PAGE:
A rootin' shootin' good time


There’s a certain satisfaction that comes from nailing a target consistently when firing shots out of your garage late at night.

I know this first hand because every night for the past two weeks I’ve been setting up for some good old, down home shootin’ practice, firing with determination and glee at a target set up in my driveway.

Now before you imagine some sort of hillbilly scene featuring spent shotgun shells scattered about or Winchester hollow points whistling through the night, let me remind you that this here is a hockey blog. Ergo, I’m talking about shooting hockey pucks here, plain old six-ounce hunks of vulcanized rubber ... 200 of ‘em.

I’d meant to start practicing my shooting much earlier in the off-season but it took me a while to assemble the equipment I needed to create a workable setup.

The main puzzle piece was some sort of slippery surface from which to shoot my pucks since I knew from experience that shooting off a surface like a concrete floor or a piece of plywood wouldn’t translate well to on-ice performance. I did considerable research into the available options and, after much deliberation, placed an online order for two shooting pads: a four-foot by 10-foot rollup pad valued at $160 and a thicker 30-inch by 60-inch pad priced at $100 (plus $50 to ship both items from Ontario).

The order arrived on Aug. 19, only about a month before I expected the season to start. I quickly set up my shooting gallery according to a plan I’d refined in my mind after weeks of scheming.

I knew from experience that dryland shooting while wearing shoes also doesn’t translate well to the ice so one of my priorities was to devise a system that would enable me to wear skates while shooting. I also wanted a system that was quick and easy to set up and take down, since I don’t have a spot where I can leave it assembled on an ongoing basis.

The system I devised involves a couple of old blankets draped over a piece of wood suspended across two metal poles (racks used to hold up barbells for squats, etc.) I used heavy duty clamps bought at a hardware store to hold the blankets in place.

I set up this rig on my driveway about 10 or 15 feet outside my garage door then set up both shooting pads side by side on the floor inside the garage. The idea was to shoot from inside the garage (where there’s a solid, level floor), through the open bay door into the draped blankets. The larger shooting pad was to be the shooting surface and the smaller, thicker one was for me to stand on (in skates, even though the pad isn’t made to withstand this kind of abuse).

My first full shooting session was on Aug. 27. It took me about 17 minutes to shoot my 200 pucks. I was surprised to find that this seemingly inert exercise caused me to run out of breath — I had to rest numerous times. The repeated torque of the shooting action was also murder on the hand that holds the top of my stick. By the time I was half done my pile of pucks, I had a hole in the skin in the middle of my palm and another at the base of my pointing finger, revealing the tender, reddish sublayers.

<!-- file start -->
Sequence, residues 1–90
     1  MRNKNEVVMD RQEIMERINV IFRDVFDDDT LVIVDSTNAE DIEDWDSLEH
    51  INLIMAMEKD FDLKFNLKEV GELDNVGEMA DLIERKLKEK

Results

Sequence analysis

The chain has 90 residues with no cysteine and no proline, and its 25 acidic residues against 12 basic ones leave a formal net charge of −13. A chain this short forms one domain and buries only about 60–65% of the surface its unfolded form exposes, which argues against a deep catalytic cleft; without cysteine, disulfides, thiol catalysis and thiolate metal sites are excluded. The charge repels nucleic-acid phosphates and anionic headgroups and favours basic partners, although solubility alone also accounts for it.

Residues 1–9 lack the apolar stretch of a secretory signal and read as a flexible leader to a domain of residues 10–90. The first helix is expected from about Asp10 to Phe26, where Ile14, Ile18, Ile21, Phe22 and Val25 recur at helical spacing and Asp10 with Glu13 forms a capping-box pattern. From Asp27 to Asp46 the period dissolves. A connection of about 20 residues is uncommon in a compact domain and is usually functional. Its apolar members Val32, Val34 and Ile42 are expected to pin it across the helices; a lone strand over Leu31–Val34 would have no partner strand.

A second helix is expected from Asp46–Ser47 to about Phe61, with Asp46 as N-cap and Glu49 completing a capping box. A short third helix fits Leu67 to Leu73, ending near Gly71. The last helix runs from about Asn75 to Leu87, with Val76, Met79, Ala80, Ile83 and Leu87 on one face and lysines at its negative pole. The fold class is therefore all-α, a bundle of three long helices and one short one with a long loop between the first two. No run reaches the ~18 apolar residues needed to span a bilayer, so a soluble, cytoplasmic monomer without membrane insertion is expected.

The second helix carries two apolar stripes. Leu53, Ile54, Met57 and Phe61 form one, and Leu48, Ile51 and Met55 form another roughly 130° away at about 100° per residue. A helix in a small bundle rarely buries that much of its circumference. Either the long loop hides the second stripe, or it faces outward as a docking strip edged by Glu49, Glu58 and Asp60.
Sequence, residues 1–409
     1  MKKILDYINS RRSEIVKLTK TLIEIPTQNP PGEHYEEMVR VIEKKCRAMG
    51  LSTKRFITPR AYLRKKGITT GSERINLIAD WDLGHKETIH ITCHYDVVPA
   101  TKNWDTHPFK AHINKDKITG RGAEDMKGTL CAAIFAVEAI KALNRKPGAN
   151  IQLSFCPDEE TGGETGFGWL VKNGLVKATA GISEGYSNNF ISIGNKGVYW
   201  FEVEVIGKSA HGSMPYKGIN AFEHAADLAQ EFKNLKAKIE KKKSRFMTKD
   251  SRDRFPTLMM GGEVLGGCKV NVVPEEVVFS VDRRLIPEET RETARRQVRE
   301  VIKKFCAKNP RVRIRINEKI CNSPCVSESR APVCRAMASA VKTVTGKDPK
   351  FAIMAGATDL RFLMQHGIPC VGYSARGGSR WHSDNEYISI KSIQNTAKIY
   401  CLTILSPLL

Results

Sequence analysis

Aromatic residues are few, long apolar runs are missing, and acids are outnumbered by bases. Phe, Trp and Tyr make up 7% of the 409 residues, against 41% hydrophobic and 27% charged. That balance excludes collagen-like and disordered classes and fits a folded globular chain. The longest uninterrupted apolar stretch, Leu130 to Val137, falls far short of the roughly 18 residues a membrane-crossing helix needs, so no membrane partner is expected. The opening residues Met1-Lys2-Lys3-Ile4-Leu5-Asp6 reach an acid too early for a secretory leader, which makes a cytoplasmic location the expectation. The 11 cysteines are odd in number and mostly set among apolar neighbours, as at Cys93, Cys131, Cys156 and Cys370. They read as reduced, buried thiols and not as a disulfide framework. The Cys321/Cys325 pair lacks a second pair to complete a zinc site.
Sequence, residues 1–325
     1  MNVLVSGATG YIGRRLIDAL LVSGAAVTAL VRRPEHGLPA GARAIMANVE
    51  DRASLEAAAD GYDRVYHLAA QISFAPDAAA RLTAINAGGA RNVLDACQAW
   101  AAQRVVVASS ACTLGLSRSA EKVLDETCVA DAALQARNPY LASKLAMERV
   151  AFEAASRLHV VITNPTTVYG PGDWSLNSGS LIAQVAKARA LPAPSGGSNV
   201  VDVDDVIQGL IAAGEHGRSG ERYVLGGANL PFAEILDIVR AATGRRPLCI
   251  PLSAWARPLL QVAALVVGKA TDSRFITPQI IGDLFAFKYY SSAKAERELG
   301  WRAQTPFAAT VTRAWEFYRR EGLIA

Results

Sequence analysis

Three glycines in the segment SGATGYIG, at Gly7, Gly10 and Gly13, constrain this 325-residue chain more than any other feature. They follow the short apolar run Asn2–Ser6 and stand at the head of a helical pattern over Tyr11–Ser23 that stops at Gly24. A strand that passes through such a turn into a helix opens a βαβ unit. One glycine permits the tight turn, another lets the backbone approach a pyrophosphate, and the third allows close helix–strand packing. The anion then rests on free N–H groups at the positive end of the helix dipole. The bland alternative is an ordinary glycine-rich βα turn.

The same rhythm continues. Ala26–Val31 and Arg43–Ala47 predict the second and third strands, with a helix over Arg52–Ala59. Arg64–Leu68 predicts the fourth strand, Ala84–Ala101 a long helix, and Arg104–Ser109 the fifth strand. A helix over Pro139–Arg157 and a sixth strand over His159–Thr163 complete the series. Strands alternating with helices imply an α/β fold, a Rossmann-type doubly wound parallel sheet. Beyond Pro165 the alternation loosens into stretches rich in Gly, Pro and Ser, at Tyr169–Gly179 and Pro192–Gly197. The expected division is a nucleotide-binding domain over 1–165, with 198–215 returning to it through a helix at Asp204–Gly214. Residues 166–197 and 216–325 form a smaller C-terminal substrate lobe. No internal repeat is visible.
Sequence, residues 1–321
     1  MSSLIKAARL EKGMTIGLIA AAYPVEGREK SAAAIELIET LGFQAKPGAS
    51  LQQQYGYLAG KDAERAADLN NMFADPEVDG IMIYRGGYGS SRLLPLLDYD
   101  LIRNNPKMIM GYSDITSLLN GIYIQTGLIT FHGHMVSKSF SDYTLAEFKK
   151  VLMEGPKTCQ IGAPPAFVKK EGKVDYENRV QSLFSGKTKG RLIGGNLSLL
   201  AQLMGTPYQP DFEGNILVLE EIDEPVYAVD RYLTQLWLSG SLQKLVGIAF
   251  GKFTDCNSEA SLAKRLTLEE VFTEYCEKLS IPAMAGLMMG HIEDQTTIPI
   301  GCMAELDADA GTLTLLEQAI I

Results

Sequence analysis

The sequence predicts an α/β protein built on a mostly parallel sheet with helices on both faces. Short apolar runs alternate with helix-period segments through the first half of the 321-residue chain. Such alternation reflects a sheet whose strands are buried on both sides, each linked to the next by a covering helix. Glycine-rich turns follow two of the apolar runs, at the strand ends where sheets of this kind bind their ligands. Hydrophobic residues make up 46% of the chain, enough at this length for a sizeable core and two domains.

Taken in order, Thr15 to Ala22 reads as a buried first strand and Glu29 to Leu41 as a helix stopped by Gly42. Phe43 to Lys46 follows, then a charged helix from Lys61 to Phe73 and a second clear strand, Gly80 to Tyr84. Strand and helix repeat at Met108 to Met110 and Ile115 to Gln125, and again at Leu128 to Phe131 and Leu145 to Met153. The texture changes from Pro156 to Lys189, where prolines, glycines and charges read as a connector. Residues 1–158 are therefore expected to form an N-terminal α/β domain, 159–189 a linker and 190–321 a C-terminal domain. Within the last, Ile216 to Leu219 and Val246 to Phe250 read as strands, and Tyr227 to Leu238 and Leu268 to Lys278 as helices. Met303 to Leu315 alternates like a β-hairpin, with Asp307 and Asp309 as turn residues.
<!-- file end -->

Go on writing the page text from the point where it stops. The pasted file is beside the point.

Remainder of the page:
By the time I was down to 60 pucks remaining, I had two bloody spots in the palms of my gloves and I was in serious pain. But I foolishly persevered, determined to finish my 200-puck quota.

After that, I took four days off from shooting, to give my hand a chance to heal a bit, then I got back at it. My hand was still quite sore but I relaxed my grip and spared it from further damage. This time it took me 13 minutes to shoot all the pucks.

Blankets are effective at funneling pucks into a cohesive pile for easy retrieval.

Blankets are effective at funneling pucks into a cohesive pile for easy retrieval.

Since that day I’ve shot my 200 pucks every day, racking up 1,400 shots so far. I’m concentrating on the classic wrist shot because the league I play in doesn’t allow slap shots. I’m still trying to nail down the perfect technique as there are many subtle mechanical adjustments one can make and it’s hard to discern what effect each little change is having on the shot speed.

This is where a radar gun would come in handy. There are outlets that sell them for sports like hockey and baseball but that’s $100 I refuse to spend. For now at least I must be content to judge by feel and by sight.

The blankets work really well. Not only are they quick and easy to set up but they are also virtually silent. It’s usually about 11 p.m. when I’m doing my shots and the only sound is a faint thwack when each puck hits the blanket followed by a light clanging as the wooden pole rattles around in the metal rack.

The blankets are also very effective at directing pucks into a cohesive pile. In fact, my blankets are long enough to lie on the ground, so most of the pucks fall on top of them, and most of the pucks can be retrieved at once by gathering up the bottom of the blankets and dumping the pucks into their storage container. Pickup is done in about three minutes.

I feel that I’ve improved quite a bit within the first two weeks of practice. I’m getting my shots away quickly and it looks like they have a fair amount of zip on them. But I suspect if I measured the actual speed it would be rather unimpressive and if you pitted me against a good shooter, I would look very wimpy in comparison.

In hockey, really hard shooters are said to have a howitzer. Throughout my hockey career, I’ve been in possession of nothing more powerful than a homemade slingshot, but the progress I’ve made over the last couple weeks gives me a glimmer of hope that, maybe someday, I’ll be the proud owner of a genuine shootin’ iron of some calibre ... a dream come true for any self respecting hillbilly, I reckon.